“It’s the sheriff!” Like panicked prairie dogs, everyone dropped to the barroom floor, except one man. Undisturbed, he sat at the counter and finished his whisky. He stood up and met the gaze of the sheriff.
“I have a warrant for the arrest of Deuce Martin. You can come peaceably or…” the sheriff stood poised to draw. Only a fly’s buzzing could be heard as each man stared down his opponent.
A sudden flick of the arm followed by the thunder of a revolver ended this duel with a bloodstained floor.
The citizens of Jolon Valley gathered as a stagecoach approached. “What’s all the excitement?”
“Haven’t you heard the rumors?” The bleached rocking-chair creaked as old Julius leaned, “a parson is coming to town.”
“Mommy, what’s a parson?” whispered Johnny.
Jolted and dust-covered, Samuel Ryan prayed, “I can run like Jonah, or stand like Joshua. Lord, give me the wisdom of Daniel, and the courage of Elijah….”
The stagecoach stopped in front of The Paradise Casino. The Coachman opened the door as Samuel stepped out. He felt like a gladiator before a silent crowd, braced for the approaching lion. He glanced behind for the surprise.
Samuel brushed the dust off his hat, “dusty trip,” still no response. “Where could a man find a bed and bath?”
“This is the place,” Julius chuckled, “I offer you the pleasures of Eden—without God.” He extended his hand, “they call me Julius; I know everybody and everybody knows me.” The crowd parted as the sheriff was carried from the saloon. “Play poker?”
“Used to; Samuel is the name,” he glanced about, “where’s your church?”
“Been burned…” curiosity quenched, the crowd dispersed as Samuel walked to the desolate site. He kneeled and picked a scorched Bible from the ash. The melted cover blew open, the singed pages flipped with the dusty gust.
A chill went down his spine as his eyes fell upon a shadow cast across the place where the altar once stood. His gaze followed the shadow to the base of a scorched oak, then to a branch perched with vultures. Beneath, a body swayed with the breeze.
Julius watched nearby as the parson filled the grave with dirt; both were silent. “I have an extra horse, if you want to leave.”
Samuel wiped the sweat from his brow, “why was this man hanged?”
“First, how about that bath?”
The steamy water soothed Samuel’s aching bones, but Julius’s words did the opposite. “You get this through your head, and you’ll live to be an old preacher: Don’t cross Deuce! Mind your own business, do what you’re told, and he might even rebuild the church.”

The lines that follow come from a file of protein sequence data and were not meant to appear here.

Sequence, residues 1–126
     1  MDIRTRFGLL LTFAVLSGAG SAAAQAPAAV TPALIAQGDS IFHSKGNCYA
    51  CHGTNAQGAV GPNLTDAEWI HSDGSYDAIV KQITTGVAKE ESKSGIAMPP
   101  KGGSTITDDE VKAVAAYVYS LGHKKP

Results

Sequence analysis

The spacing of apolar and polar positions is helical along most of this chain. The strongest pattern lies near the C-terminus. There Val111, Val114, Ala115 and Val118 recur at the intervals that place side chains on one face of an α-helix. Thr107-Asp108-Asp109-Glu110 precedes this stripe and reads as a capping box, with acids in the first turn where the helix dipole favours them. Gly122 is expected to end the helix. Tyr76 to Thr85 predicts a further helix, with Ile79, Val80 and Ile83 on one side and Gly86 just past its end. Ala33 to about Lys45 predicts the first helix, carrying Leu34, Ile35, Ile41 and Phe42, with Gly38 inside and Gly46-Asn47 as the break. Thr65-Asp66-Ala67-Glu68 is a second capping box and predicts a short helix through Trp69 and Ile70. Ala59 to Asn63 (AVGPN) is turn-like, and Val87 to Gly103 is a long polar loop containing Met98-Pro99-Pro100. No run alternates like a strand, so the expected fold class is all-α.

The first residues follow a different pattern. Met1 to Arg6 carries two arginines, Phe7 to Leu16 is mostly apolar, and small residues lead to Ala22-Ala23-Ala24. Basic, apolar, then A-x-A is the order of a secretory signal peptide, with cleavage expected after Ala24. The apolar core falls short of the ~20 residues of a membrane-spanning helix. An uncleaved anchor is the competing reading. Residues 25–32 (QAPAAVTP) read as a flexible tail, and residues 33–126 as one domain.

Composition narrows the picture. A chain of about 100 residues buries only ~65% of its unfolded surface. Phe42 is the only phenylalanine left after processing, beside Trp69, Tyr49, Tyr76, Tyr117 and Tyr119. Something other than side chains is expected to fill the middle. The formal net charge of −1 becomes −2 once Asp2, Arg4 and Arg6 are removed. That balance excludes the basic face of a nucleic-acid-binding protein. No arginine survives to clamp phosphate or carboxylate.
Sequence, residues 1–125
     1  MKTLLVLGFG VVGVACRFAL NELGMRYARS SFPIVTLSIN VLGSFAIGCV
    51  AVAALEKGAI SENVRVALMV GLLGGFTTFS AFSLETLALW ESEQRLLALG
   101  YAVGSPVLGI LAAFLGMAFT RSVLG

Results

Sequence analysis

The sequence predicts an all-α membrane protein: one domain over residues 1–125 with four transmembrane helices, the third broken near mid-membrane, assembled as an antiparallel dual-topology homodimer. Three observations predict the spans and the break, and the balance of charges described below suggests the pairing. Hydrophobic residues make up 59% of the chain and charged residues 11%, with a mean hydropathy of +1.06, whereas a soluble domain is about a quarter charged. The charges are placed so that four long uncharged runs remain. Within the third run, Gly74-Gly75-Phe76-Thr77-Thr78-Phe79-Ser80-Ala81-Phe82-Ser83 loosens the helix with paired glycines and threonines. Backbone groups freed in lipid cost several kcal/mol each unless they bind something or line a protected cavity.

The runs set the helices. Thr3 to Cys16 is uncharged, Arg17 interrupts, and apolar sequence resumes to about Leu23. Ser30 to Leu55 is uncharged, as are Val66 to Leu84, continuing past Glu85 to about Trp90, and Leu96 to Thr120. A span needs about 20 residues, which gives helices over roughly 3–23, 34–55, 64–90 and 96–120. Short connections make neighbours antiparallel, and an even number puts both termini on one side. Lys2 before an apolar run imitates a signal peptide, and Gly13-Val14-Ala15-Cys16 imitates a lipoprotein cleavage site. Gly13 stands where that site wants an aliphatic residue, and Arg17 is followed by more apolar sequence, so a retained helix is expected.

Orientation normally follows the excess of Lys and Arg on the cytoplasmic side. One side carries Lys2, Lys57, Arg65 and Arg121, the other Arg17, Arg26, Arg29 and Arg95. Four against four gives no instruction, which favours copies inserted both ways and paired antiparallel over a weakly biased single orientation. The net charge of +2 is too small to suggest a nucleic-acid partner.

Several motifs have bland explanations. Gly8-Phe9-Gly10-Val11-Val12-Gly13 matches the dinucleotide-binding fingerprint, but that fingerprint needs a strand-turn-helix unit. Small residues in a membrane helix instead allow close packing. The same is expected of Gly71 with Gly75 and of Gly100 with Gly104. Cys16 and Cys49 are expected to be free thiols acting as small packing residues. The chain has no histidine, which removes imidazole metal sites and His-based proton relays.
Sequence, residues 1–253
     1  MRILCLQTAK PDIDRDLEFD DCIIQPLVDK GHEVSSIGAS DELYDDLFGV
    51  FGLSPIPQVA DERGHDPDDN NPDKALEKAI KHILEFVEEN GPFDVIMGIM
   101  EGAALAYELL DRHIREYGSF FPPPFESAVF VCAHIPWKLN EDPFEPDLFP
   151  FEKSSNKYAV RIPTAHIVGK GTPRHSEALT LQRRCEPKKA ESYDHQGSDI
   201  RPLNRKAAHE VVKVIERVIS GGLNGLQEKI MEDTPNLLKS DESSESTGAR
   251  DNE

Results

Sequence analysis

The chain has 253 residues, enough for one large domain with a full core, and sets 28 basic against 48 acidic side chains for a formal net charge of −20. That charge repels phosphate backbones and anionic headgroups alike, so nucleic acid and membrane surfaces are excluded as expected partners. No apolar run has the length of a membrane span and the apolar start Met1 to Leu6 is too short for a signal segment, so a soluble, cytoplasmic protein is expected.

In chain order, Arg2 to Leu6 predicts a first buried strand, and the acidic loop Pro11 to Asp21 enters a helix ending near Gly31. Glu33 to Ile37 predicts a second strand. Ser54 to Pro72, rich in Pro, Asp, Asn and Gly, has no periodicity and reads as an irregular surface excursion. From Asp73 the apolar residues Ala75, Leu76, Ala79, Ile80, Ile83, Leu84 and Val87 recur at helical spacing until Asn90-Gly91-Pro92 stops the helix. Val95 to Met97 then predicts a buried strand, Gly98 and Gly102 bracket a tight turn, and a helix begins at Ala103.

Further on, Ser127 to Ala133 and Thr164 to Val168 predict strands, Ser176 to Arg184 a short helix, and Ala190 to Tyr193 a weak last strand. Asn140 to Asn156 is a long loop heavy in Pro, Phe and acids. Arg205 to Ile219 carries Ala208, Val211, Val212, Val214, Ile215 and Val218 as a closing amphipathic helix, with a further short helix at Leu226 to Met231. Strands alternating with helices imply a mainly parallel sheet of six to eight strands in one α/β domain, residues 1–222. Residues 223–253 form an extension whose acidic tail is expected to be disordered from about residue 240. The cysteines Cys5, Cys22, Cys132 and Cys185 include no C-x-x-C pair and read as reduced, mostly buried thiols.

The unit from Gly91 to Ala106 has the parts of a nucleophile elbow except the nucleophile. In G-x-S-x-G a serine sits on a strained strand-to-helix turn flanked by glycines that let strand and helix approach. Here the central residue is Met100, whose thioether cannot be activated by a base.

“Who’s the next sheriff?”
Julius reached into his pocket and placed a dented badge at the edge of the tub, “the man who has the guts wear this.” He inserted a pipe between his teeth and lit it, “only madmen volunteer for the job. There is no pay, and they never live beyond their first arrest.”
“Julius, buried in my bag is my reminder of God’s grace. Would you bring it here?”
Julius expected to find a family Bible, but that was carefully placed between a Sunday Suit. After he removed them, his pipe fell from his mouth as he gasped. “What’s this?”
“My old Colt .45s.”
“No, the grips; they’re notched?”
“Join me in the bar for my first sermon, and I will tell you. Oh, would you please pin the badge on my suit?”
Everyone recognized the Bible, but not the bronze badge and guns glistening from his black suit. The badge commanded silence, and confusion as Samuel descended the steps.
“I’m looking for Deuce Martin.”
Deuce shoved two chorus girls from his lap and stood mockingly, “as preacher or sheriff?”
“Both,” Samuel set his Bible on the counter, “I’m asking for your guns.”
“Come and get them preacher!” Everyone dropped to the bloodstained floor as Samuel approached confidently. Deuce reached for his guns: Two shots followed. Everyone starred in shock.
Disarmed, and upon his knees, the town terror begged for his life. Hammer cocked, Samuel aimed his gun for Deuce’s head, “like you, I was the toughest hombre in town, until I met the tougher hombre. Blood is required for the blood that has been shed.”
“Please, spare me!”
“The price is already paid,” he holstered his gun, “will you accept the payment, or shall we do it your way?”
Samuel turned to the onlookers, “if Christ can redeem this murderer, then why not you?”
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